Although I don’t attend CES, the mega consumer tech show held each January in Las Vegas, I’m always curious to read about the products/gadgets that are on display there.
Year after year, it seems to be more of the same, with many products/gadgets that are next gen versions of what has been around for years. (Not that everything that gets shown at CES is actually around. Lots of items are previewed there, but aren’t commercially available until years later.)
So, what’s the story on the latest and greatest at CES 2023?
Bigger and better TVs. Cars that do more than they did last year. Improved laptops. Gaming enhancements – VR, AR. Foldable, rollable screens. Smarter everything, especially, for some reason, smarter (and wildly expensive) toilets.
I looked through a number of different articles on Wired, The Verge, CNET, etc. and it was all beginning to blur.
But, amid the blur, a few things piqued my interest.
The Nowatch stood out because, as its name implies, it’s a smart watch/fitness tracker that doesn’t tell time. (I guess they figure that, if you need to know the time that badly, you can look at your phone. Or just ask someone.) Anyway, the Nowatch has all the usual suspects: sensors that measure heart rate, steps, and sleep. And, while it’s at it, your sweat glands, too. Measuring sweat is a relative newcomer to the health metrics family, but it’s helpful when it comes to monitoring stress levels – and providing an early warning system with suggestions for de-stressing.
If I were working in a warehouse or factory, or on a construction site, I’d be looking for more than a smart non-watch telling me when to destress. I’d be more than interested in the German Bionic Apogee, an exosuit that “supports a worker’s lower back and provides a boost of power as they lift heavy objects, unload trucks, or perform repetitive tasks on a production line.” (Source: Wired) Sounds good to me.
The Shiftall Mutalk looks like something Hannibal Lecter might have worn. The Mutalk is a Bluetooth Microphone that’s used during a VR session, muting your voice, enabling you to participate even if you’re in close quarters with a lot of other people and want to keep the peace. Presumably you can also use it during a Zoom meeting if you’re in an open office setting and don’t want to disturb your colleagues, or working from home and don’t want to disturb your spouse and/or your pets.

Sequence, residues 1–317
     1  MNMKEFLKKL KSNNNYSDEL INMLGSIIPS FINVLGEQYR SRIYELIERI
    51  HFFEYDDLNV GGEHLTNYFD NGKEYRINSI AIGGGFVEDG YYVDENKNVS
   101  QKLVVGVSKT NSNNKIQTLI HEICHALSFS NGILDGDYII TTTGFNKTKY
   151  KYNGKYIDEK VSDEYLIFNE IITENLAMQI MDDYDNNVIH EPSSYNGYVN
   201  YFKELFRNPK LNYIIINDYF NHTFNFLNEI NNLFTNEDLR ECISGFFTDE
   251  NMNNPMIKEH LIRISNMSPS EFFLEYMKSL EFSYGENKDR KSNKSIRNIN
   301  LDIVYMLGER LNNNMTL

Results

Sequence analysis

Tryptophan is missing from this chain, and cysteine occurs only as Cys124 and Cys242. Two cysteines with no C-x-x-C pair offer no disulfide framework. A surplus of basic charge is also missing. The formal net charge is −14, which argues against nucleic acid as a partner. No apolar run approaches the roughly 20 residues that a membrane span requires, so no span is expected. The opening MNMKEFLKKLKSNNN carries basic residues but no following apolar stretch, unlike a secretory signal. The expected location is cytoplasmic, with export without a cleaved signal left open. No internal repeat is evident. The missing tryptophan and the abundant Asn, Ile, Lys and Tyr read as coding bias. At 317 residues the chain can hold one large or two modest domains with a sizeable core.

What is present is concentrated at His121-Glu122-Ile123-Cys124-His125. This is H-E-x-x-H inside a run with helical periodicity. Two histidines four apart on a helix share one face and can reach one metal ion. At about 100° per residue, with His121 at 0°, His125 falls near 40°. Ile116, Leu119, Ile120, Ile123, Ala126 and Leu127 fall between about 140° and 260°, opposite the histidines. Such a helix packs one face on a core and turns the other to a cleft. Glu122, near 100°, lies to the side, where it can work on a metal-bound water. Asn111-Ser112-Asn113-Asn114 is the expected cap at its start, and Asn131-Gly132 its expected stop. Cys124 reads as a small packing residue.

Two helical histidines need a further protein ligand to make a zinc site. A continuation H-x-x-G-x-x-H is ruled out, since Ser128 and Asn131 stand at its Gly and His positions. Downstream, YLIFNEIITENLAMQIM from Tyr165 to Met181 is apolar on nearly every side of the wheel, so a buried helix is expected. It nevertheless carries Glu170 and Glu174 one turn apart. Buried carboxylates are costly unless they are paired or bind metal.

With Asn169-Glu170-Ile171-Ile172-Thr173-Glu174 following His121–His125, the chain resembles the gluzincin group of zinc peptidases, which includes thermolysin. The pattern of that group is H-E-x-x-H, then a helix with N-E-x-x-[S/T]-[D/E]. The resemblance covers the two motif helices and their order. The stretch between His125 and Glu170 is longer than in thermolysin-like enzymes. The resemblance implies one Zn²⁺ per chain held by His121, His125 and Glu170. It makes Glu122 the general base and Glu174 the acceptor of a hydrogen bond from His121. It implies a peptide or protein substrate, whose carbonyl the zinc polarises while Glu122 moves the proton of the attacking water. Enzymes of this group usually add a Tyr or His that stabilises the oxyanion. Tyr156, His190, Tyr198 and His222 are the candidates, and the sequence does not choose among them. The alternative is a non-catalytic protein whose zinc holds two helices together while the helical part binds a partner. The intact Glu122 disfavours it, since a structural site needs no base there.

I’m not quite there yet, but I’m admittedly not getting any younger, so may someday be in the market for the Eargo 7, and over-the-counter hearing-aid. The Eargo is “self-fitting” – you don’t need a doctor or audiologist to help set it up – and almost invisible, and the batteries are self-charging. I’m not going to go so far as to say something to look forward to, but if and when, the Eargo’s on my list to check out.
In December, I wrote that all I wanted for Christmas was a flying bicycle, but if someone gave me an Aska A5 flying car, I wouldn’t say no. (It would have to be a gift, as the price tag is roughly $800K.) FAA approval is pending and expected shortly, and “Aska hopes to use the A5 to start a ride-sharing service in 2026.” (Source: CNET)
Closer to reality, there’s the eKinekt BD 3 bike desk that makes the treadmill desk look so yesterday. The bike desk doesn’t just let you get some exercise in while working, the pedaling you’re doing actually uses kinetic energy to power your computer. I might want to have the computer that I was powering an Asus “glasses free” 3D laptop that pops an image right off the screen and into your face. The 3D experience is made possible through the use of eye-tracking tech.
Finally, if I can’t have a flying bicycle or a flying car, I’m intrigued by Rollkers, “a gadget you strap to your feet to double your walking speed.” (Source: Wired) Rollkers motorize your feet, and using them is very much like walking on an airport motorized walkway. You’re walking, but the Rollkers speed things up. This concept has been kicking around at CES since 2015, but the company is hoping that they’ll get to market within the next couple of years.
So that’s what caught my eye when reading about CES 2023.